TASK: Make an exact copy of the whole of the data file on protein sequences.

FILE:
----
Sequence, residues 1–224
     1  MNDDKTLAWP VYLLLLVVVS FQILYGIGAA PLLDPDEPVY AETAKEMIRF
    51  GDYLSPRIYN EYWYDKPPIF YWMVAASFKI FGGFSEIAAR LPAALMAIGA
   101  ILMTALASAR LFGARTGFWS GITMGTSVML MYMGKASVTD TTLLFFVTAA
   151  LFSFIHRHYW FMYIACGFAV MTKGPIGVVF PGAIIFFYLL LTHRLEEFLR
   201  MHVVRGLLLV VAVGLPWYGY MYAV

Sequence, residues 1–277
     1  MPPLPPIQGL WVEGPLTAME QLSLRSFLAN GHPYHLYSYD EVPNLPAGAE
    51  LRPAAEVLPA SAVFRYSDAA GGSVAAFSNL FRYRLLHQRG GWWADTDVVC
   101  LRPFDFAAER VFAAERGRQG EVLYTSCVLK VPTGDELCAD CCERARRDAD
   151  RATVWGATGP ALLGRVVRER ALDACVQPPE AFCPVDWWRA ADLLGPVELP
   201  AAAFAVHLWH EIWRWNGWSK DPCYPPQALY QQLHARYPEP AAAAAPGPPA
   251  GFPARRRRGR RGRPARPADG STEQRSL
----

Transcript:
Sequence, residues 1–224
     1  MNDDKTLAWP VYLLLLVVVS FQILYGIGAA PLLDPDEPVY AETAKEMIRF
    51  GDYLSPRIYN EYWYDKPPIF YWMVAASFKI FGGFSEIAAR LPAALMAIGA
   101  ILMTALASAR LFGARTGFWS GITMGTSVML MYMGKASVTD TTLLFFVTAA
   151  LFSFIHRHYW FMYIACGFAV MTKGPIGVVF PGAIIFFYLL LTHRLEEFLR
   201  MHVVRGLLLV VAVGLPWYGY MYAV

Sequence, residues 1–277
     1  MPPLPPIQGL WVEGPLTAME QLSLRSFLAN GHPYHLYSYD EVPNLPAGAE
    51  LRPAAEVLPA SAVFRYSDAA GGSVAAFSNL FRYRLLHQRG GWWADTDVVC
   101  LRPFDFAAER VFAAERGRQG EVLYTSCVLK VPTGDELCAD CCERARRDAD
   151  RATVWGATGP ALLGRVVRER ALDACVQPPE AFCPVDWWRA ADLLGPVELP
   201  AAAFAVHLWH EIWRWNGWSK DPCYPPQALY QQLHARYPEP AAAAAPGPPA
   251  GFPARRRRGR RGRPARPADG STEQRSL